Life on the ship
According to the website of Navbul, the crossing takes 54 hours. In our case, it was 3 days (3 nights). Day 1 was mostly spent in the harbor of Varna, days 2 and 3 were full days at sea, and on day 4 we arrived in Georgia.
All travelers were put together on one floor. Most of them were cyclists. One group of four guys was cycling from Sweden to Azerbaijan, and next to our room there was a couple cycling from Switzerland to Kyrgyzstan. Truck drivers had their rooms on a different floor. We got a private room with two beds and shared the bathroom with the Swiss. The bathroom was okay. The floor seemed to be always wet and we had to bring toilet paper ourselves, but the toilet flushed so that’s good. We received a fresh set of bed sheets. It wasn’t high quality, but it was clean.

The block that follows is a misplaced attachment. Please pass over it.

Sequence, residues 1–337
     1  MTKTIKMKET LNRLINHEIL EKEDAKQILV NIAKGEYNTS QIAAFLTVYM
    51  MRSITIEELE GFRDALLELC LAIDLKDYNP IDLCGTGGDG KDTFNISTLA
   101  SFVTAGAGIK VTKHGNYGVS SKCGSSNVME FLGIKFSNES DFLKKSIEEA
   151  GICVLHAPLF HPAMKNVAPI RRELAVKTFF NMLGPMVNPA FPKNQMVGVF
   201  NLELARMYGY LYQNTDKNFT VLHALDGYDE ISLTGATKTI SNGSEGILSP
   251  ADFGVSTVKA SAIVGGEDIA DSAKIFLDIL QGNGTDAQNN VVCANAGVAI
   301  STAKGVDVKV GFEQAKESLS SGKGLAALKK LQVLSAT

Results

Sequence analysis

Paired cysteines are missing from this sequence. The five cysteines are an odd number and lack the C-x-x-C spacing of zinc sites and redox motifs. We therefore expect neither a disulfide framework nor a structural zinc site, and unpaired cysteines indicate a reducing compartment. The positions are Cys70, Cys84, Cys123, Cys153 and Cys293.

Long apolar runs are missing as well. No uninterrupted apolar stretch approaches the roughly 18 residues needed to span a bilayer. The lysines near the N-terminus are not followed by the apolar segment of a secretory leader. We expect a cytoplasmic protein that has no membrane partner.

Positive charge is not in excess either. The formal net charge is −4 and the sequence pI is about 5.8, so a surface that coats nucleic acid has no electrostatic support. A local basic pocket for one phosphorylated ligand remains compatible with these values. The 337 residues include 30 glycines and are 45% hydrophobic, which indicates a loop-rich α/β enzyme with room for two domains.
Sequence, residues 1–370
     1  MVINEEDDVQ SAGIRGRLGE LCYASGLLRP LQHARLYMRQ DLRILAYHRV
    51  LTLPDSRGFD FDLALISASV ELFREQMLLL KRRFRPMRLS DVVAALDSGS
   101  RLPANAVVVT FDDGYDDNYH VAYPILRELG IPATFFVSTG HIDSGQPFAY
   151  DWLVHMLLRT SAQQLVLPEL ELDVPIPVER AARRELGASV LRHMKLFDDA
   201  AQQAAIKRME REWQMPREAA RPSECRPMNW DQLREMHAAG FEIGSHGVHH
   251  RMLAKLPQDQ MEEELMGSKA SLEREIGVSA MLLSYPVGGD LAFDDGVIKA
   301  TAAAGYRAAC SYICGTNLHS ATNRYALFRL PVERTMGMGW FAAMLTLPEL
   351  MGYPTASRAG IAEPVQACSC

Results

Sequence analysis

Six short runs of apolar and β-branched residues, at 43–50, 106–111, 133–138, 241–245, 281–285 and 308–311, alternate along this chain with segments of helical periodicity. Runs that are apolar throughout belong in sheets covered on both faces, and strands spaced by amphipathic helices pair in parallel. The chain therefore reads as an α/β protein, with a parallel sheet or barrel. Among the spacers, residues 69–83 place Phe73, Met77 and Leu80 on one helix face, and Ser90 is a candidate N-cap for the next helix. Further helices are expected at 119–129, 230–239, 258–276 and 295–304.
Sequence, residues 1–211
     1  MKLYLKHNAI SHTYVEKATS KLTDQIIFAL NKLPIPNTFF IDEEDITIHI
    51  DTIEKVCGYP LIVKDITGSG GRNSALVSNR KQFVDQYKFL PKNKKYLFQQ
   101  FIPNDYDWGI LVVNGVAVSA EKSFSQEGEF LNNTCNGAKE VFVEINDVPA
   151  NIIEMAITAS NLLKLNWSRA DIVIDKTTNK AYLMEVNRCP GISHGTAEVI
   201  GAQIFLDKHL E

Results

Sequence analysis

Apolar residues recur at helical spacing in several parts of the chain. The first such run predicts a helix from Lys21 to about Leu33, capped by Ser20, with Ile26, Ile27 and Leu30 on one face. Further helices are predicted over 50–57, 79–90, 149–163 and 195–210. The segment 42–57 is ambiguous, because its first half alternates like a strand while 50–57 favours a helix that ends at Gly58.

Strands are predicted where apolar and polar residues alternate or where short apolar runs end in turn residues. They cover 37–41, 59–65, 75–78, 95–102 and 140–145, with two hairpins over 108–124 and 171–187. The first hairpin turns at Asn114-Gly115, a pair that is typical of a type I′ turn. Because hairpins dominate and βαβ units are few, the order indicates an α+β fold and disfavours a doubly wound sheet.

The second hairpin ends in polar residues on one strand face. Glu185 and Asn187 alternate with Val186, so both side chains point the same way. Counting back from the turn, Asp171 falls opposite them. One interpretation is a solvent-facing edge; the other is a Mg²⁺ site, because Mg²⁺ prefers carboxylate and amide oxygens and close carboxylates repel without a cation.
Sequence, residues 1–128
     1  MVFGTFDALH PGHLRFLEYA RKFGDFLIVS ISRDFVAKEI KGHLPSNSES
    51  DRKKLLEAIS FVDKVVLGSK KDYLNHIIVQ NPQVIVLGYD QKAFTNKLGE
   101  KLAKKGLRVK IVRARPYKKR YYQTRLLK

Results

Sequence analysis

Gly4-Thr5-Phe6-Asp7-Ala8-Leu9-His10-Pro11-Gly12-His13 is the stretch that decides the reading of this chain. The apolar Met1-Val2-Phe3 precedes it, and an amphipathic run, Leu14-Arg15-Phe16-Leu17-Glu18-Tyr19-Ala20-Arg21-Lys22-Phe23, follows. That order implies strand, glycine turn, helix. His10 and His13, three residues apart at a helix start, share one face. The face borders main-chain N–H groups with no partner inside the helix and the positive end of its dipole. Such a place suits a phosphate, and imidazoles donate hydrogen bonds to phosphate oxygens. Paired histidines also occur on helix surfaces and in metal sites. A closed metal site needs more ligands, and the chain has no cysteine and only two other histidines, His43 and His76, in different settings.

Food was served three times a day, in a separate dining room. All passengers were divided into two groups. At check-in we were told which group we were in. The food was not exciting, but fine. I am a vegan and it was okay for me. Tip: tell the kitchen staff ‘vegetarian / no meat’ and you will get a different plate with more veggies.
I recommend bringing a few snacks with you. We also brought oatmeal and bananas. Breakfast consisted of cheese, jam, cookies, and meat, so I was glad I had my own breakfast. In the dining room, there was also a large water bottle with purified water to refill a bottle. Bringing alcohol is prohibited, a rule that was ignored by most truck drivers.